Excerpt: Finn’s Twins
Book 2: NY! NY! Series
The phone was ringing — had been for longer than he wanted to think.
Finn ignored it.
He stood motionless, his entire concentration focused on the developing tray where Angelina Fiorelli’s lips were beginning to emerge.
He’d been waiting all day to do these enlargements, to see if he could find the perfect ‘come-hither’ look in the best of the shots he’d taken the day before. He wasn’t one of the world’s most creative and eagerly sought-after commercial photographers for nothing. When he had an idea, he pursued it. And all the ringing phones in the world were going to interrupt him now.
He leaned closer and permitted himself a small smile as, in the dim red light of the darkroom, he made out the faintest hint of the luscious Fiorelli outline beginning to develop. Yes!
Finn gritted his teeth. Where the hell was Strong?
His matronly taskmaster of a studio manager shouldn’t have any of his high-strung, ruffled-feathered clients left in the office to appease by this time. It was already after 5:00. Why wasn’t she answering it?
Angelina’s famous pouting lips were now fully developed. Perhaps just a shade too sulky. Carefully Finn lifted the enlargement out of the solution and placed it in the stop bath, then submerged another.
The phone rang again — a half ring — then stopped. At last. Finn concentrated as the next set of lips materialized. There was a sharp rap on the darkroom door.
“Your sister’s on the line.”
He should have known. Meg had been calling him at inopportune moments since she was old enough to talk. “Tell her I’ll call her back.”
“I did. She needs to talk to you now.”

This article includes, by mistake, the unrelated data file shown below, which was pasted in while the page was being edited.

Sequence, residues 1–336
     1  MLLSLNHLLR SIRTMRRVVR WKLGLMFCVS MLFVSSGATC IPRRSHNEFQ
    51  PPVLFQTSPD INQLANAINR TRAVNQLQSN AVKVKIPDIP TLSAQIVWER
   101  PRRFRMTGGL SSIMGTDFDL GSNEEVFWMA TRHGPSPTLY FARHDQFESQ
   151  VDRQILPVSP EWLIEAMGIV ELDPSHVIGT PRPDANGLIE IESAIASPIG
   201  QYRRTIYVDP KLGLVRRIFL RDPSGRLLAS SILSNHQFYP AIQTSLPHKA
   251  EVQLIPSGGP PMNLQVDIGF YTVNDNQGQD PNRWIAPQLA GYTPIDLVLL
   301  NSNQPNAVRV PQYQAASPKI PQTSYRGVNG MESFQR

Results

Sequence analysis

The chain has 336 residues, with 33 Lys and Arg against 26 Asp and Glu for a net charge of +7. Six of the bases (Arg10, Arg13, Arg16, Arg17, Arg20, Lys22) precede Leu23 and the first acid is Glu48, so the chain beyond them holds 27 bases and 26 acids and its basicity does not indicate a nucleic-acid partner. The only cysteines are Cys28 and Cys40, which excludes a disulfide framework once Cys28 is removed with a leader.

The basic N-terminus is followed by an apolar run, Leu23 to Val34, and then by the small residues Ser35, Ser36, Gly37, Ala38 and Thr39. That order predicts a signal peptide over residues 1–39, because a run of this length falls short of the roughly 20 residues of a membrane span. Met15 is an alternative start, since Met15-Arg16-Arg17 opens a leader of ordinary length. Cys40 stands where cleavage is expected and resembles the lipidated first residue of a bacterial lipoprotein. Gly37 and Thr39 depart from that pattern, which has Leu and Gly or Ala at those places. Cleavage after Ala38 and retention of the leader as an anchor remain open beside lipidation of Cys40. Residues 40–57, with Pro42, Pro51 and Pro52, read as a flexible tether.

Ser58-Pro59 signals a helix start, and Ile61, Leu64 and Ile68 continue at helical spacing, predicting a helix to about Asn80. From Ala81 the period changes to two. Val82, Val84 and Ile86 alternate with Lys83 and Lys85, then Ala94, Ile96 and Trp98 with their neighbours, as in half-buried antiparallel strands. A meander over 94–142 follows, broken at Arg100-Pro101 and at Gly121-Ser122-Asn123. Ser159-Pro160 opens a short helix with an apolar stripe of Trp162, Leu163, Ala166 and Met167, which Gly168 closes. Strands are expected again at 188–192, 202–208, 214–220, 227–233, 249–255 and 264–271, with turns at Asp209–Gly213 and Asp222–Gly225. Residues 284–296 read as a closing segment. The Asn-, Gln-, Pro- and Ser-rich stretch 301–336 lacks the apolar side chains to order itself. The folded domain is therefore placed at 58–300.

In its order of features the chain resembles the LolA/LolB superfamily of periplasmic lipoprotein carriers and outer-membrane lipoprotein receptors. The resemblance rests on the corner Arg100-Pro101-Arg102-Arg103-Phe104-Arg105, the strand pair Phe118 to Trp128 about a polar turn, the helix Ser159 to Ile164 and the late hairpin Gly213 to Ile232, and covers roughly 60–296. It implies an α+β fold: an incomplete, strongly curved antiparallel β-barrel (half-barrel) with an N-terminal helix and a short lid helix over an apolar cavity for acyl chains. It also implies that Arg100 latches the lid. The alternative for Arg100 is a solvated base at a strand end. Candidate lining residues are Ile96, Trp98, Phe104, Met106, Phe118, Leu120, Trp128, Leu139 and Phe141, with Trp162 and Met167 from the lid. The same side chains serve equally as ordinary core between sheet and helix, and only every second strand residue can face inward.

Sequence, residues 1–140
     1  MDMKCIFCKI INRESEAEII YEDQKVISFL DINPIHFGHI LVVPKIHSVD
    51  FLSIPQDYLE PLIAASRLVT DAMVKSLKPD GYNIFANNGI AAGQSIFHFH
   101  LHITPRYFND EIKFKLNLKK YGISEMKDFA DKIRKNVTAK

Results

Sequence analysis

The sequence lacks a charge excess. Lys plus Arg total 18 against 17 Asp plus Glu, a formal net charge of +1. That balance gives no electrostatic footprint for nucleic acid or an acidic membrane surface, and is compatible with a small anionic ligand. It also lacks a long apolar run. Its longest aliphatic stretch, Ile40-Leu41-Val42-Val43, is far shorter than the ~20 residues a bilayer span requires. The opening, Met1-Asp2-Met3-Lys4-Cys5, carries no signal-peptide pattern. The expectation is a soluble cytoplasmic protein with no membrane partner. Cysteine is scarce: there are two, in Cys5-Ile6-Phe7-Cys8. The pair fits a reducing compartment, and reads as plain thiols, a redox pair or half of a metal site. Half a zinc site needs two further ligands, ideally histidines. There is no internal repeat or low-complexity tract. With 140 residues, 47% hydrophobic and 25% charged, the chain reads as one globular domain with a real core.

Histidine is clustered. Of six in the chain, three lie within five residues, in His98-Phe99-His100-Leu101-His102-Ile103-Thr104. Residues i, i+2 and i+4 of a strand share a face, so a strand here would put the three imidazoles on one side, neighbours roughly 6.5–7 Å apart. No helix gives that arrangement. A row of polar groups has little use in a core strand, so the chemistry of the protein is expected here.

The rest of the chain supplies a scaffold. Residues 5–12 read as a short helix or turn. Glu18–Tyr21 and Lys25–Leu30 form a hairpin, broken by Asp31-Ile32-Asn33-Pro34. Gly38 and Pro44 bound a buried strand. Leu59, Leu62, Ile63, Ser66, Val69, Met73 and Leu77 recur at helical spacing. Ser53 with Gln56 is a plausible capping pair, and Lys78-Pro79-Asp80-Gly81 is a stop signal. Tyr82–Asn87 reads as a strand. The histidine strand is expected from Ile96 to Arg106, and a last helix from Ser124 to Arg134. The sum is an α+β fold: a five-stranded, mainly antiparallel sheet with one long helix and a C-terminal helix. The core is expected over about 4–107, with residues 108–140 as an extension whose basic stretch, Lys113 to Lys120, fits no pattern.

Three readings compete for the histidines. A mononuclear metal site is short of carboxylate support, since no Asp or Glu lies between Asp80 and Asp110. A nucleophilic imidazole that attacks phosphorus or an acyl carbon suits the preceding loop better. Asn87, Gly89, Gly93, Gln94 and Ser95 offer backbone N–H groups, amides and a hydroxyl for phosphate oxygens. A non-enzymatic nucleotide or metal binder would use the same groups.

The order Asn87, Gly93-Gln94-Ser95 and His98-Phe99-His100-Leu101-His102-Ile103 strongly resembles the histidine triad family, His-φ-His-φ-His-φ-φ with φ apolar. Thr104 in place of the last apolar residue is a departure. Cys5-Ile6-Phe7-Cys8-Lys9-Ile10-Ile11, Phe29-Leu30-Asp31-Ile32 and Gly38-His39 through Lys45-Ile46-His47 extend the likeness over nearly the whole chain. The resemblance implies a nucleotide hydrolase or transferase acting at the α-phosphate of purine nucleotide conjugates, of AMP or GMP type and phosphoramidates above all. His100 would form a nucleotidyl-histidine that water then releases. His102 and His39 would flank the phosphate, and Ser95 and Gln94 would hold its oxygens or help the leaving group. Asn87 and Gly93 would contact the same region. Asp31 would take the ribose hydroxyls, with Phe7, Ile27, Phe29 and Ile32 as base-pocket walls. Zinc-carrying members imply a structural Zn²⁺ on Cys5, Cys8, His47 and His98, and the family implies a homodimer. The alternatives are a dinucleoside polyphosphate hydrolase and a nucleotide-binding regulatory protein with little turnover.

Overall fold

“I’m busy. Tell her I’m busy.”
There was a pause. “She’s crying.”
“Oh, hell.” It took no imagination at all for his mind’s eye to conjure up the vision of his younger sister Meg crying. He’d seen her — and heard her — often enough. Her sweet soft voice would quiver. Her freckled face would grow blotchy and her big blue eyes would swim with tears. Then she would hiccup as she tried to explain to what latest crisis in her life had prompted her to call for help.
Finn knew the routine all too well. And Strong, alternately mother hen and Marine drill sergeant as the occasion demanded, was no better at turning Meg into a self-reliant human being than he was.
Finn sucked in a deep breath and snatched up the receiver. “Now what?”
“Oh, Finn!” came the breathless, teary quaver he’d expected. “It’s Roger!” And the end of the world from the sound of it.
“Roger de Fontaine. You know! Roger!”
He didn’t have a clue. “Some guy you’ve been seeing?” Always a good bet.
“The man I love, Finn.” The teary voice wavered with an emotional vibrato. “Truly.”
“Uh-huh.” They’d been down this trail before. Plenty of times. Finn tucked the receiver between his ear and his shoulder and went back to contemplating Angelina Fiorelli’s lips. This shot had possibilities, if only —
“If only I could convince him,” Meg said mournfully.
“Huh?” Finn was distracted. He dragged his attention back to his sister, away from Angelina’s mouth. “Convince him of what?”
“That I love him.”
“Tell him.” It seemed simple enough to him. He’d never fallen in love with anyone, so he’d never said the words. If he had, he would, not that he ever expected to. But why the hell did Meg have to complicate everything? Especially his life!